CHRISTOPHER S. RUGABER
AP Economics Writer
WASHINGTON (AP) -- After years of struggling to reduce high unemployment, the Federal Reserve is grappling with another tough challenge: How to raise very low inflation.
So far, the Fed has had more success with the unemployment rate, which has fallen more than a percentage point to 7 percent since the Fed launched its bond-buying program last year. But inflation has declined since then and remains far below the Fed's 2 percent target. Fed policymakers expect inflation to remain below the target through at least 2015.
"There is still this question about inflation, which is more than a bit of a concern," Chairman Ben Bernanke said at a news conference Wednesday. The Fed "is determined to avoid inflation that is too low, as well as inflation that is too high."
Most Americans likely prefer lower inflation when they pick up groceries or shop at the mall. But Bernanke and many other economists worry that if inflation falls too low, it will lead consumers and businesses to delay spending. That's because shoppers feel less pressure to rush their purchases if prices aren't rising much. Some items, such as clothing, furniture and televisions, have become less expensive in the past year.
Very low inflation also makes debts comparatively more expensive to pay off.
The Fed decided Wednesday to cut its monthly bond purchases to $75 billion from $85 billion starting in January. Bernanke suggested that the purchases could end by late next year. That's evidence that the Fed thinks the job market and economy will continue to improve with less help from the Fed.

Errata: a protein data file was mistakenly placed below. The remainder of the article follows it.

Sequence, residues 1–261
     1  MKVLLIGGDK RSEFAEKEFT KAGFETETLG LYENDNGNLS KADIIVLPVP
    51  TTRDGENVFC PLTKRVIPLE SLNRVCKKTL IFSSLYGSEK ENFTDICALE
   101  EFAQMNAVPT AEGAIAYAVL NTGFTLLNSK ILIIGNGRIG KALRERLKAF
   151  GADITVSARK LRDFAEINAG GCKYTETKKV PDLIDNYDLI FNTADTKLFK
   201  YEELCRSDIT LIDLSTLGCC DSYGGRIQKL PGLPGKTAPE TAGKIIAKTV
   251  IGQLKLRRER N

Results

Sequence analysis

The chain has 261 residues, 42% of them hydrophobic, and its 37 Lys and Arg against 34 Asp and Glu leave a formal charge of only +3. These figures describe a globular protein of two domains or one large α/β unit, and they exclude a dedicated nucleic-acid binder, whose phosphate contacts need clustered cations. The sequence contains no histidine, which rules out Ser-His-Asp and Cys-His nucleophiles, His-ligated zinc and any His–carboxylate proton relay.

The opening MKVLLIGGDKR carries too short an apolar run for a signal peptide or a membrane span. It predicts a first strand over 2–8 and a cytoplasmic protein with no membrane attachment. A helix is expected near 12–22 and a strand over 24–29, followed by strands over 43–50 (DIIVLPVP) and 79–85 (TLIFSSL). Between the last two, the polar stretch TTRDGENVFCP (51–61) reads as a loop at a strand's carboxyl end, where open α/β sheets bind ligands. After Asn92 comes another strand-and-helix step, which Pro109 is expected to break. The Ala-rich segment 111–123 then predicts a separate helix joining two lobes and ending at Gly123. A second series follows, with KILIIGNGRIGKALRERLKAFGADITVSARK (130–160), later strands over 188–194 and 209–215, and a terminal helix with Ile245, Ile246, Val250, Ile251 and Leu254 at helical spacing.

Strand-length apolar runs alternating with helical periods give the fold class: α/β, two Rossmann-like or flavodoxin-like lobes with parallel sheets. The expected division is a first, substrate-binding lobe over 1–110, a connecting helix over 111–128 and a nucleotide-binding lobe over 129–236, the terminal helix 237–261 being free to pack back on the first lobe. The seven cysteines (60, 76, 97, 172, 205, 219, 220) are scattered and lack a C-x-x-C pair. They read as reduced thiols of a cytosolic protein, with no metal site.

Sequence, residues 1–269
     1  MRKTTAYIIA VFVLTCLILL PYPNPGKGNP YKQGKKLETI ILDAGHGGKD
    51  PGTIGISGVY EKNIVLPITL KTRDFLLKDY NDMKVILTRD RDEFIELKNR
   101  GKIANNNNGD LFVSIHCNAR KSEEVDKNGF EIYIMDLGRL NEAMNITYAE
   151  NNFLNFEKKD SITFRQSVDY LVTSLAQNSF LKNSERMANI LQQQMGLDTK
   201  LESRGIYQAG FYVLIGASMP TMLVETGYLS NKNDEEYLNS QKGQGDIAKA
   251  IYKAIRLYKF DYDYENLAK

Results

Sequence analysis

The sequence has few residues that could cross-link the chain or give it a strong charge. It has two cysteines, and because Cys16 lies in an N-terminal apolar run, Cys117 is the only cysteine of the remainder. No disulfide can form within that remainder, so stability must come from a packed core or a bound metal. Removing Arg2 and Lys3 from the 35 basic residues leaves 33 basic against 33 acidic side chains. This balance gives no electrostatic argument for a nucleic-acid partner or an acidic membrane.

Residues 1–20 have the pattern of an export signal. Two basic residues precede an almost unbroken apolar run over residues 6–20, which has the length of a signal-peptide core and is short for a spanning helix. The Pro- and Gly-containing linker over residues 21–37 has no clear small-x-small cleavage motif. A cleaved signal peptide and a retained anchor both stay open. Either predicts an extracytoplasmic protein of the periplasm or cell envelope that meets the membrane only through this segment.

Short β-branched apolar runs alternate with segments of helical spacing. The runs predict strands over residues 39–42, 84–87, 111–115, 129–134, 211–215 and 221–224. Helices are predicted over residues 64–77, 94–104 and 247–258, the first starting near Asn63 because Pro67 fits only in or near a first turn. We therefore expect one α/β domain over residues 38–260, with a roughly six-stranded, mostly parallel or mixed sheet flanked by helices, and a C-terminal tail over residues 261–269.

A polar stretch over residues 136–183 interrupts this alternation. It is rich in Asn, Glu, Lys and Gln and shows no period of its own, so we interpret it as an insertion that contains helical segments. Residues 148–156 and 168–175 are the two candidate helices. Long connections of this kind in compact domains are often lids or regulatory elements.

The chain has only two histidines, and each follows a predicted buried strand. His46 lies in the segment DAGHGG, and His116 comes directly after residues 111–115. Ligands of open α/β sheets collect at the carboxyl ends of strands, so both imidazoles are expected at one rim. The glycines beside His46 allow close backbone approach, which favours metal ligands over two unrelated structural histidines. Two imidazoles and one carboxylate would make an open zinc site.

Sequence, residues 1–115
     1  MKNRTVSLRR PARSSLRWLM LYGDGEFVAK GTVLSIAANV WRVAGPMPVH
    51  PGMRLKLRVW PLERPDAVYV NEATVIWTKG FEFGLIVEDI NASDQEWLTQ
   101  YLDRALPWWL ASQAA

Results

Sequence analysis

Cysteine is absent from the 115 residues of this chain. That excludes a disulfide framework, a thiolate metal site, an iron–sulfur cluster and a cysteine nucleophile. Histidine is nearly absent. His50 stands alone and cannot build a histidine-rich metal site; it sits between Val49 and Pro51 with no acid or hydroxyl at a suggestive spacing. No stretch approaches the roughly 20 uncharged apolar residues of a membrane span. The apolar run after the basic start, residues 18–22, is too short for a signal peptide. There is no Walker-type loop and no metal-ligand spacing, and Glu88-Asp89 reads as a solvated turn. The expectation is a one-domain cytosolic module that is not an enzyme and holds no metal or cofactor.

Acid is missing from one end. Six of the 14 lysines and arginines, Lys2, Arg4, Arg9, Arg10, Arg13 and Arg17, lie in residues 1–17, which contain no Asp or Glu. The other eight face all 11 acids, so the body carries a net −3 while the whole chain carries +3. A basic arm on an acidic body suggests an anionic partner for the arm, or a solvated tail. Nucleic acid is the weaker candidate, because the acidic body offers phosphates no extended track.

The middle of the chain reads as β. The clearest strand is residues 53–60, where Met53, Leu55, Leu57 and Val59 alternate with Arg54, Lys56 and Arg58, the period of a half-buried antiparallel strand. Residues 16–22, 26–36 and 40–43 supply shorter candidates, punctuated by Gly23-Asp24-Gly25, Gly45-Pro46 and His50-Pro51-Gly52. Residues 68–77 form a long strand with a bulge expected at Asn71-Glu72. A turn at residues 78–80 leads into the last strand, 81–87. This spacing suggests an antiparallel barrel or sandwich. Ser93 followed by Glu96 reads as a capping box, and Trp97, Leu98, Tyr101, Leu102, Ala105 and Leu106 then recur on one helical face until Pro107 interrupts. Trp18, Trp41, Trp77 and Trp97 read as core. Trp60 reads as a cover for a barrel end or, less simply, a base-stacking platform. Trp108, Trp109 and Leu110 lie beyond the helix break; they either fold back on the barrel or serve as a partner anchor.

But if inflation remains too low, Bernanke said the Fed might decide to keep short-term interest rates near zero for a longer period or take other steps to try to boost inflation.
"It's difficult to get inflation to move quickly to target," he said.
Too-low inflation also raises the threat of deflation, a debilitating drop in prices that can cause a recession. When prices fall, spending slow sharply as consumers and businesses stop spending to await better deals.
By contrast, higher inflation can help Americans pay their debts. In part, that's because loans remain fixed in value while inflation can raise wages.
Fed policymakers forecast that inflation will rise by barely 1 percent this year, according to the latest quarterly projections released Wednesday. It will only rise by 1.4 percent to 1.6 percent in 2014, the Fed predicts.
The Fed expects unemployment to fall as low as 6.3 percent next year and 5.8 percent in 2015. Both are one-tenth of a percentage point lower than it forecast in September. Unemployment has fallen faster this year than policymakers had predicted.
The Fed estimates that economic growth will be between 2.8 percent and 3.2 percent next year, roughly what it predicted in September. Growth for 2013 will likely be about 2 percent.
Fed policymakers have said they'll keep the short-term rate they control near zero at least until unemployment falls below 6.5 percent.
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